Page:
A daring new business idea needs startup funding. To obtain that early financing, entrepreneurs often turn to venture capital firms that are willing to take a chance on new, innovative ideas. NewSchools Venture Fund extends the venture capital model to K-12 education.
Since its founding in 1998, NewSchools have invested tens of millions in nonprofit organizations and entrepreneurs with one thing in common: a desire to find innovative solutions to the problems in public education that will lead to higher student achievement, improved graduation rates, and more students going to college.
NewSchools Venture Fund is the brainchild of social entrepreneur Kim Smith and Silicon Valley venture capitalists Brook Byer and John Doerr. All three believed that visionary educators and entrepreneurs with sufficient access to capital could bring lasting change to education, just as business entrepreneurs have done for decades. NewSchools is headquartered in Oakland but also has offices in Boston and Washington, D.C.
NewSchools started out as mainly a funder of charter school organizations, but has since branched out to support other types of education-related organizations and businesses, including educational technology firms, teacher training organizations, and research and advocacy groups. Charter management organizations remain significant recipients of NewSchools funding. Charter organizations supported by NewSchools include KIPP, Aspire, Alliance for College-Ready Public Schools, DC Preparatory Academy, Excel Academy, and Leadership Public Schools.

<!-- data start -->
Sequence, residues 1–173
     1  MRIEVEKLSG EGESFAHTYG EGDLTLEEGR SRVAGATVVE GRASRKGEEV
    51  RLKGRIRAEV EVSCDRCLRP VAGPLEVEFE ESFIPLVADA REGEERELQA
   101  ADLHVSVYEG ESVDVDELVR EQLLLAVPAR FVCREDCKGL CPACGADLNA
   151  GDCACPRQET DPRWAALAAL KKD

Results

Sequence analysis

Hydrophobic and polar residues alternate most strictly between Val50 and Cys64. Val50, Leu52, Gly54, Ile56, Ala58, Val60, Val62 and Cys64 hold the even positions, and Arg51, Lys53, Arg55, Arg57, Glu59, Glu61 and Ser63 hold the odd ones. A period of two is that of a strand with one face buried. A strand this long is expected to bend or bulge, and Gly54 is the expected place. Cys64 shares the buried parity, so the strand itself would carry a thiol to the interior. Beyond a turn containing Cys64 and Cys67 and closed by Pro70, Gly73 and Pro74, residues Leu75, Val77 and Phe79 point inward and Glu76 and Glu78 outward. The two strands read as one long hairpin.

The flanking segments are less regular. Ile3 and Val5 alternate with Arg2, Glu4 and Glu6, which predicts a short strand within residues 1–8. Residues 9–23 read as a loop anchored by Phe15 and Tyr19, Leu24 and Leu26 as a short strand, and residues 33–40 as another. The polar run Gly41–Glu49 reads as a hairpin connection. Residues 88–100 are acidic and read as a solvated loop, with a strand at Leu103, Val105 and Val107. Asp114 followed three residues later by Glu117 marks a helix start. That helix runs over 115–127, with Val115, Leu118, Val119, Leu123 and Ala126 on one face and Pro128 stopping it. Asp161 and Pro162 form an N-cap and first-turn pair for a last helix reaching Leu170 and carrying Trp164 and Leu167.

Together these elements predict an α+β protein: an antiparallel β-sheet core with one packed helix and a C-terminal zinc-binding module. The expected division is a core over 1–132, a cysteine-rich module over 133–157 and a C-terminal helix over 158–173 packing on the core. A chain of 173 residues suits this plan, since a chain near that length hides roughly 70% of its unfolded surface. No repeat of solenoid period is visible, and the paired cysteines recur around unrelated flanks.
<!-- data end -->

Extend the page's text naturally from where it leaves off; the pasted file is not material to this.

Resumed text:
Other types of firms that have benefited from NewSchools' support include The New Teacher Project, tutor organization Reading Partners, New Schools for New Orleans, Learning Games Network, and education data management and visualization firm Schoolzilla.
Just as these "edupreneurs" need startup funding for their ideas and innovations, so NewSchools Venture Fund has relied on funding from a broad range of individuals and foundations. Its donor list reads like a who's who of education funders and includes the Bill and Melinda Gates Foundation, the Michael and Susan Dell Foundation, the Carnegie Corporation of New York, Bloomberg Philanthropies, the Walton Family Foundation, and the Broad Foundation.
As education entrepreneurship funding continues to soar (more than $600 million a year, up 80 percent since 2005, The New York Times reported in 2013), NewSchools is sure to continue searching for new school-related ventures to support. As reported by this blog last year, education technology firm Rethink Education entered into a partnership with NewSchools that will ensure significant capital for this education venture funder.
Despite NewSchools' history as a charter management organization funder, its giving is not limited to charter schools and charter advocates. Other types of organizations with ideas NewSchools believes will move the education achievement needle should get to know this funder.